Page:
Organizations worldwide are using CONTENTdm to create thousands of outstanding digital collections and to provide easy access to their unique holdings.
This month, three collections are featured on the OCLC website: the Invertebrate Collection, the Reducing Wildlife Collisions with Aircraft Collection, and the Hilda Holme Book Illustration Collection.
University of Calgary
This online collection represents the reference collection of native bees to Alberta. The physical collection is housed in the University of Calgary Biological Sciences Invertebrate Collection. The invertebrate collection consists of approximately 1.45 million insect specimens. And it’s growing at a rate of about 7.5% each year, due to contributions from undergraduate student coursework; graduate student, academic; and technical staff research; and donations of personal collections. This initial digital collection represents bee specimens from species native to Alberta, collected by the Galpern Lab @ Faculty of Environmental Design at the University of Calgary.
USDA National Wildlife Research Center
Aircraft collisions with wildlife (wildlife strikes) are a major safety concern for civil and military aviation. Such collisions have occurred since the advent of air travel, but they have become increasingly frequent in recent decades due to increased air traffic and population growth among species most commonly involved in wildlife strikes. The National Wildlife Research Center conducts research to provide a scientific foundation for Wildlife Services, Department of Defense, and Federal Aviation Administration (FAA) programs that reduce wildlife collisions with aircraft.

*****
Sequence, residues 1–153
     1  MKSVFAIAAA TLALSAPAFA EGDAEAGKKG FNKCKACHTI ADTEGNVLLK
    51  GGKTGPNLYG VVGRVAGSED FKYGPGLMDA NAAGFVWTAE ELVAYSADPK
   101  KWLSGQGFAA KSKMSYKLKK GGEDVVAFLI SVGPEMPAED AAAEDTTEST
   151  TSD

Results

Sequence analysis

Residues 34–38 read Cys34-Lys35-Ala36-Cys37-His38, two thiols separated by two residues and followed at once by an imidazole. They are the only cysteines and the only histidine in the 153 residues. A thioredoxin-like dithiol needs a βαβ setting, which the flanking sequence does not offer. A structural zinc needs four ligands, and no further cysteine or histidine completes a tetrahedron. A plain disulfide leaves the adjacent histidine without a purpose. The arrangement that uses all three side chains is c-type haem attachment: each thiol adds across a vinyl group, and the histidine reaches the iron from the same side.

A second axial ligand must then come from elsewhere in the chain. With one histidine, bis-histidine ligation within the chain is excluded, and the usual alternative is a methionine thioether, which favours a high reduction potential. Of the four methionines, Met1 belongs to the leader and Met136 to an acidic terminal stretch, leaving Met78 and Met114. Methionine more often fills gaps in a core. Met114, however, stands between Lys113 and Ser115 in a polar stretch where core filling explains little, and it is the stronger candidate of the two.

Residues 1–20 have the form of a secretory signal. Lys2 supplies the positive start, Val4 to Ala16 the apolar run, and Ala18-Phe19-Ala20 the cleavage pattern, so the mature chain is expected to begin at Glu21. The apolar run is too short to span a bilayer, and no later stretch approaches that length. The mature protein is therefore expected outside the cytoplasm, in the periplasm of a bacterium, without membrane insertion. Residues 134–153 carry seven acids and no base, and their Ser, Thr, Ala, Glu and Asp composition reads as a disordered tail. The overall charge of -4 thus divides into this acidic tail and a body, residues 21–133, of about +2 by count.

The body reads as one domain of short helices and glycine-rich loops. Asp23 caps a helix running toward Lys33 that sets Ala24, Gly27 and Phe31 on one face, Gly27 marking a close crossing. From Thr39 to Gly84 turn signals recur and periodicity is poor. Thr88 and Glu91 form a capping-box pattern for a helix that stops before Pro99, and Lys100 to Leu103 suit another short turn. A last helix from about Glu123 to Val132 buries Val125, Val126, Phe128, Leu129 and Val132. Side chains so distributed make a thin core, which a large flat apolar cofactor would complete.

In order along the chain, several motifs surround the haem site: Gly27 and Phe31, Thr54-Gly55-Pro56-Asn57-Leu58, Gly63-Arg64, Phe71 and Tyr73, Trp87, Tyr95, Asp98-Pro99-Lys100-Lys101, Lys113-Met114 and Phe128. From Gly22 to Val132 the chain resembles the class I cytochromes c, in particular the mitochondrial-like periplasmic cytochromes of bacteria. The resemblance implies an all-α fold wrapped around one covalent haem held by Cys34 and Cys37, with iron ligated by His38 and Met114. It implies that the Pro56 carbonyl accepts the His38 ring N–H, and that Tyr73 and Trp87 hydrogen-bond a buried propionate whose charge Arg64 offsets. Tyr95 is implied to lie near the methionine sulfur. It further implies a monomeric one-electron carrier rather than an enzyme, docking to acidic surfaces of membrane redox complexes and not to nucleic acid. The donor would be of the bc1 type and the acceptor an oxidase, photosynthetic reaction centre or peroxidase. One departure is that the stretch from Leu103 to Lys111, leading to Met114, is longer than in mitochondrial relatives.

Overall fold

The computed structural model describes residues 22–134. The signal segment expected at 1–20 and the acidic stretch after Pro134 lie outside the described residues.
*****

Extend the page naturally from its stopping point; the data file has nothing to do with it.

Enoch Pratt Free Library
This selection of items from the Hilda Holme Book Illustration Collection demonstrates the chronological development of book illustration from the fifteenth to the nineteenth centuries. It includes prints made with woodcuts, wood engraving, line and stipple engraving on metal plates (copper and steel), etching— including both mezzotint and aquatint—lithography, and the Baxter process of chromolithography.
Frequently acquired from old or out-of-date books or magazines, these prints were saved for their aesthetic beauty or historical importance. They illustrate such diverse subjects as Bible stories, devotional literature, Shakespeare, recreation, travel, history, humor, and fashion.